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11 US troops were injured in Iran’s missile attacks, CENTCOM confirms

A U.S. Army Soldier from 1st Brigade, 25th Infantry Division, Task Force-Iraq, mans an observation post at Forward Operating Base Union III, Baghdad, Iraq, Dec. 31, 2019. (U.S. Army Photo by Maj. Charlie Dietz, Task Force-Iraq Public Affairs)
January 17, 2020

Despite initial claims by President Donald Trump that no U.S. personnel were injured or killed in Iran’s missile attacks on Jan. 8, a spokesman for U.S. Central Command revealed U.S. troops did not escape the attacks without injury.

As many as 11 U.S. troops were in fact flown out of Al Assad Air Base in Iraq and treated for concussion symptoms following the Iranian missile attacks, U.S. Central Command (CENTCOM) spokesman Navy Capt. Bill Urban revealed to Fox News on Thursday.

“As a standard procedure, all personnel in the vicinity of a blast are screened for traumatic brain injury, and if deemed appropriate are transported to a higher level of care,” Urban said.

In the morning after the attack, Trump addressed the nation, providing the initial damage assessment from the Iranian missile attack. At the time, he said no U.S. personnel were hurt and he credited missile warning systems for helping get U.S. troops out of harm’s way.

“No Americans were harmed in last night’s attack by the Iranian regime,” Trump said on Jan. 8 in the morning after the attack. “We suffered no casualties, all of our soldiers are safe, and only minimal damage was sustained at our military base.”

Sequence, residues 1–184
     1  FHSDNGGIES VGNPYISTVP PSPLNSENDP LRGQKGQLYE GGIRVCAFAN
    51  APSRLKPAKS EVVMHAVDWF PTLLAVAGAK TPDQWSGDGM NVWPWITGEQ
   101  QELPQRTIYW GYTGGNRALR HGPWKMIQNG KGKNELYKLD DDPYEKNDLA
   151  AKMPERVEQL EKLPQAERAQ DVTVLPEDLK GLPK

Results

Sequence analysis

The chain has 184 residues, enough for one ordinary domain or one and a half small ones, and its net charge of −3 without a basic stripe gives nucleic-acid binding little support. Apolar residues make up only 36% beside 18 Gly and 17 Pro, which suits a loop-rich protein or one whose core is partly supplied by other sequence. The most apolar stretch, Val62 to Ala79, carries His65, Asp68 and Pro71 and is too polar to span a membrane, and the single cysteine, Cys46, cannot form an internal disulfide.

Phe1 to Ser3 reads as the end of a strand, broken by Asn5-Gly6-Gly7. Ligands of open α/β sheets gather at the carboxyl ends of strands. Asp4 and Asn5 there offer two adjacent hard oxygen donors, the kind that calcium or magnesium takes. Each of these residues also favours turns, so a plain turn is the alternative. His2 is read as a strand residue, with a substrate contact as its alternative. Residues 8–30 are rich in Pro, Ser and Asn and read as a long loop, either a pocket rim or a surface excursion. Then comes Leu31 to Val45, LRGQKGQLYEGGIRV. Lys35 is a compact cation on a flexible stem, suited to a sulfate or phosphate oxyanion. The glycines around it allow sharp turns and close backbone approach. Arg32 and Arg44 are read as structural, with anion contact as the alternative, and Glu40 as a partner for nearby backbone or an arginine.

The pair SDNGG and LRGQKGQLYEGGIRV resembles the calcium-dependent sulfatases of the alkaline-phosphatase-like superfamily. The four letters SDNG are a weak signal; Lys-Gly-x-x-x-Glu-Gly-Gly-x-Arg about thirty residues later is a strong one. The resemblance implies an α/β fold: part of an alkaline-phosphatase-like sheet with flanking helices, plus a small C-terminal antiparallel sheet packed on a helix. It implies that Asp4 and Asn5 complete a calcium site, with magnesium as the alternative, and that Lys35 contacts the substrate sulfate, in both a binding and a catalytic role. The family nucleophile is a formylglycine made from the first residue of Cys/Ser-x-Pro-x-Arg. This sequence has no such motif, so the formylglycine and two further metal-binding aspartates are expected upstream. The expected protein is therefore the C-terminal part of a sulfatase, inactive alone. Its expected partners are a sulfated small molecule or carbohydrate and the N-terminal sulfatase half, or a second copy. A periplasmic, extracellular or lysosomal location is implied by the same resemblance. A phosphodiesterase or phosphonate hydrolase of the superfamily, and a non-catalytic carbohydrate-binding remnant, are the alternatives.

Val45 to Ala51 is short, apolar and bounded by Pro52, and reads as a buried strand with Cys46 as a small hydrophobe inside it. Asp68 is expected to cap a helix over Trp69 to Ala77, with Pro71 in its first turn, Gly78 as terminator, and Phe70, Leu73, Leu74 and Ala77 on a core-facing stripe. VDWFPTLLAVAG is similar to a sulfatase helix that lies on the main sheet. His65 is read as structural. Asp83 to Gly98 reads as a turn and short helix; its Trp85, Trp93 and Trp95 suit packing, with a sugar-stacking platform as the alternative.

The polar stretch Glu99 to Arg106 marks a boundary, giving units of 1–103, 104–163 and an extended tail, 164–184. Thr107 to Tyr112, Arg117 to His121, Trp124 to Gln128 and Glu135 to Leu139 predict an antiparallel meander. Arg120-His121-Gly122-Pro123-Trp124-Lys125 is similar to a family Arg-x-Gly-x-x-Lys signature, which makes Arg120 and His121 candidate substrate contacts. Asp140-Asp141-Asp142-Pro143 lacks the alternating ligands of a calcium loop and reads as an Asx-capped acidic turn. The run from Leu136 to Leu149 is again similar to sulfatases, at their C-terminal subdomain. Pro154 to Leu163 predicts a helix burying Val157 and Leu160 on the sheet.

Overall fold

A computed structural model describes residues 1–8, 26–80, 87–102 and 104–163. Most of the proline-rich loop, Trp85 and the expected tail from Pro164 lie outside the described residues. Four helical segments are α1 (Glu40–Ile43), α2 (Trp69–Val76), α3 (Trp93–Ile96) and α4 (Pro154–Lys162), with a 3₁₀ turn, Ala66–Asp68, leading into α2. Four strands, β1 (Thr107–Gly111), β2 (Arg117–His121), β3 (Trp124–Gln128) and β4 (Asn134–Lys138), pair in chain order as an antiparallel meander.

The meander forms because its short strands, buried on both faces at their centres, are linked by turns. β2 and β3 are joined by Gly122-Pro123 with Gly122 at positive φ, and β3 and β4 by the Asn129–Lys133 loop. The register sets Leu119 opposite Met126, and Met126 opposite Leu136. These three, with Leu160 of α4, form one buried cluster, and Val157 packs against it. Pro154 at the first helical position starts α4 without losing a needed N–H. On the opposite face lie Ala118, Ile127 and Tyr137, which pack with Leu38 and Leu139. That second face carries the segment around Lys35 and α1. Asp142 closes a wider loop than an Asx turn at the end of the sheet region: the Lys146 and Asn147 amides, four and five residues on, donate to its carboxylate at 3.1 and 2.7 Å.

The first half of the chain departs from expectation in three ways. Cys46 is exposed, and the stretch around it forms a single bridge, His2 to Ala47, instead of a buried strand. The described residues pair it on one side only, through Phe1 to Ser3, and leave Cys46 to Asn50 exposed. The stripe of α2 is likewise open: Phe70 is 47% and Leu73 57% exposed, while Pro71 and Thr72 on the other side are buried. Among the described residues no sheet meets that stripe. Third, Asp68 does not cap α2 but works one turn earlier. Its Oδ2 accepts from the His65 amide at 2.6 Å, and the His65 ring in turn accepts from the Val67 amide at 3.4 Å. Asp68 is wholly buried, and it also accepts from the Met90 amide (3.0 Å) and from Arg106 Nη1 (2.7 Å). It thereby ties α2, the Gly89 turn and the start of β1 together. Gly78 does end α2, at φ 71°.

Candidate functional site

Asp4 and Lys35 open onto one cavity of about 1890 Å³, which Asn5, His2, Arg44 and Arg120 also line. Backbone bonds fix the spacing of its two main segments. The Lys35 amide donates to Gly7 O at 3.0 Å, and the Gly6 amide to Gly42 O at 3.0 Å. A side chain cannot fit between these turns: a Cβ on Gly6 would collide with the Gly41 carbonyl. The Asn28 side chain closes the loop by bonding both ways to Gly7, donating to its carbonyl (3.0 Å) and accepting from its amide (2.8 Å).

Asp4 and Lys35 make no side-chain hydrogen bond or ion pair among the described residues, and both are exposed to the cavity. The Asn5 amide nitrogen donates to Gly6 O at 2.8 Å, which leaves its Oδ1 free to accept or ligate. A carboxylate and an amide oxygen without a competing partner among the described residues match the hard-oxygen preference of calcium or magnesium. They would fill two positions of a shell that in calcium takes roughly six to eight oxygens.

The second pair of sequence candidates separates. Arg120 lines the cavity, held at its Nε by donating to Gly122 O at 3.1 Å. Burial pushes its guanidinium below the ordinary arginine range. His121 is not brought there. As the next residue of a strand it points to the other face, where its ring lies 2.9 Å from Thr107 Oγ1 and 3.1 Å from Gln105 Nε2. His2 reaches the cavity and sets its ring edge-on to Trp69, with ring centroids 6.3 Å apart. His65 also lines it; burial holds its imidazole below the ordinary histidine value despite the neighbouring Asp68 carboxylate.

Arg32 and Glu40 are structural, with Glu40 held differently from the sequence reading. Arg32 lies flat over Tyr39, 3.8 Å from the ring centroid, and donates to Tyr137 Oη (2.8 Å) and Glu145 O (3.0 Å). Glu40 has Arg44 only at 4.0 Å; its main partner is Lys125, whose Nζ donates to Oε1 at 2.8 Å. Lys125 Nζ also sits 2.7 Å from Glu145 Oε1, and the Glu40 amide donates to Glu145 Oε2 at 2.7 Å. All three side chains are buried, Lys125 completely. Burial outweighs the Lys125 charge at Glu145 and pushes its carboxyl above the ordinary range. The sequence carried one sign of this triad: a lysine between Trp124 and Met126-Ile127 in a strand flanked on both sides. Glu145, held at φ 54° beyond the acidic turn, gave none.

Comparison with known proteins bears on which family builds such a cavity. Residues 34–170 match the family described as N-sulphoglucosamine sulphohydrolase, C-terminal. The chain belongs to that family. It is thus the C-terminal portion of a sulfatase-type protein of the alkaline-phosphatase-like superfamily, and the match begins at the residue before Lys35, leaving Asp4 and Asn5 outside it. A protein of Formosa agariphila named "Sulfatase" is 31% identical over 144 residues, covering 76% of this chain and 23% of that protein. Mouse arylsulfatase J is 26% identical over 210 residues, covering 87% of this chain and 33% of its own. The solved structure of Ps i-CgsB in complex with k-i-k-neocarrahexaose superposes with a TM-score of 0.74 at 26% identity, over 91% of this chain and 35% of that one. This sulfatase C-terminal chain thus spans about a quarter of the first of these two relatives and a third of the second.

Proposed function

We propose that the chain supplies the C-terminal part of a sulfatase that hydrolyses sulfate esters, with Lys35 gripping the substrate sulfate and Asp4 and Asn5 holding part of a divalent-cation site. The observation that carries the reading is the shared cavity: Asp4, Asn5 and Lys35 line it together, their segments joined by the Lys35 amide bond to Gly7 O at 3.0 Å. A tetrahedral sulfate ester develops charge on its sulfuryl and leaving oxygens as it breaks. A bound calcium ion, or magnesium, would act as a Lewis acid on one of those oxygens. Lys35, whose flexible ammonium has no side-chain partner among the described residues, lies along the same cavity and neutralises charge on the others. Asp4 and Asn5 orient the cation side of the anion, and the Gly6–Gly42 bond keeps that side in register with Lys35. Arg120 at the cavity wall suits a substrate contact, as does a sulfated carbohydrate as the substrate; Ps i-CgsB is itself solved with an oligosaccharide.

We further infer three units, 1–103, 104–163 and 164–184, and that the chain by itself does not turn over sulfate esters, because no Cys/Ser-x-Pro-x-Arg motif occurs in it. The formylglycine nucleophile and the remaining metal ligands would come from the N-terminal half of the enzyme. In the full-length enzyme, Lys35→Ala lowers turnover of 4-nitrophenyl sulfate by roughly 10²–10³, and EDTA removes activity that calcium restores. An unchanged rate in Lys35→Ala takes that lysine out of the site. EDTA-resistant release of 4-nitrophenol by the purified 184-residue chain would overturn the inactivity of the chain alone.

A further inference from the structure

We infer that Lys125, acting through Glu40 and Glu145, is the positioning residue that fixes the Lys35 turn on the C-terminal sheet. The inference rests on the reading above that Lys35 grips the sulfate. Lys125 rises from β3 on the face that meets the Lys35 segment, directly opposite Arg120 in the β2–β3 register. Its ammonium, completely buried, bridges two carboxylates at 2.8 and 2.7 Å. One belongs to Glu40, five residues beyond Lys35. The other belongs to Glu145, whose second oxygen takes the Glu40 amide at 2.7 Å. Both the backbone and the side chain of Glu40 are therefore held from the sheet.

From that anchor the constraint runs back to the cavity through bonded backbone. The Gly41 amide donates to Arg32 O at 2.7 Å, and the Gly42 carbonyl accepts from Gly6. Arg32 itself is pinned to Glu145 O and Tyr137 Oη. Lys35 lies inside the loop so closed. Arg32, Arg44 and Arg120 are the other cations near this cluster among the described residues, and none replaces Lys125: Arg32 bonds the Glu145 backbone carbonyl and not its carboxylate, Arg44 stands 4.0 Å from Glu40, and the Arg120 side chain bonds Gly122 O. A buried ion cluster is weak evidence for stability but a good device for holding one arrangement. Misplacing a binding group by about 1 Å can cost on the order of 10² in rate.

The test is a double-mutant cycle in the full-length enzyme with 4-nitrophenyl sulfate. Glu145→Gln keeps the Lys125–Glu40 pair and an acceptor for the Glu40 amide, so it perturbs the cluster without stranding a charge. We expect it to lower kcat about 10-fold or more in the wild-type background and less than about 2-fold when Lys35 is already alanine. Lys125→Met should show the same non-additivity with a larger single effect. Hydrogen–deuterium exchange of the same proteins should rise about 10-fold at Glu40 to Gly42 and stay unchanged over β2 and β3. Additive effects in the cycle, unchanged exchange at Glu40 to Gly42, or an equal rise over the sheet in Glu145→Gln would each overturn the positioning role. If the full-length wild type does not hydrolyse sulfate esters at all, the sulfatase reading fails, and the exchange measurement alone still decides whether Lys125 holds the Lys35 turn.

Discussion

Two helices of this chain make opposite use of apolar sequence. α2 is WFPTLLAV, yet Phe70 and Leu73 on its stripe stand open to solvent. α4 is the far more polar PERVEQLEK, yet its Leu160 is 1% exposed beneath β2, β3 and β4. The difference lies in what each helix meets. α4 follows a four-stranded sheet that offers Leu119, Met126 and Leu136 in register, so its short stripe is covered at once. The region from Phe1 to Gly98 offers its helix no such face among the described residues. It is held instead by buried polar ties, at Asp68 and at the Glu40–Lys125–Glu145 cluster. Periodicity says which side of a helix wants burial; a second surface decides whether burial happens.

Urban said that those U.S. troops were identified and treated for injuries in the days following the attack, suggesting their concussion symptoms weren’t immediately apparent in the casualty assessment provided to Trump.

“In the days following the attack, out of an abundance of caution, some service members were transported… to Landstuhl Regional Medical Center in Germany, others were sent to Camp Arifjan, Kuwait, for follow-on screening,” Urban said. “When deemed fit for duty, the service members are expected to return to Iraq following screening.”

Urban could not name any specific individuals treated, but said eight U.S. personnel were flown to Germany and three were treated at the base in nearby Kuwait.

The Washington Post, citing two U.S. military officials, reported that two soldiers “were thrown through the window of a meters-high tower” during the attack. Urban did not confirm this, however.

Iran’s missile attack came as a retaliation against a U.S. airstrike the week prior, which killed top Iranian Gen. Qassem Soleimani while he was with pro-Iranian militia groups in Iraq. U.S. military officials and members of the Trump administration had claimed Soleimani was planning an imminent attack on U.S. targets. The pro-Iranian militias had also been implicated in past attacks on U.S. positions in Iraq.

Iranian military figures had initially claimed up to 80 U.S. troops killed in the attack and as many as 200 more were injured.

The first assessment of damage to U.S. military equipment included one $40 million U.S. Pave Hawk helicopter, nine tents and some hand tools.

Following the attack, Trump suggested Iran was standing down and he appeared to accept the relatively ineffectual attack as an opportunity to ease tensions with the Iranian government.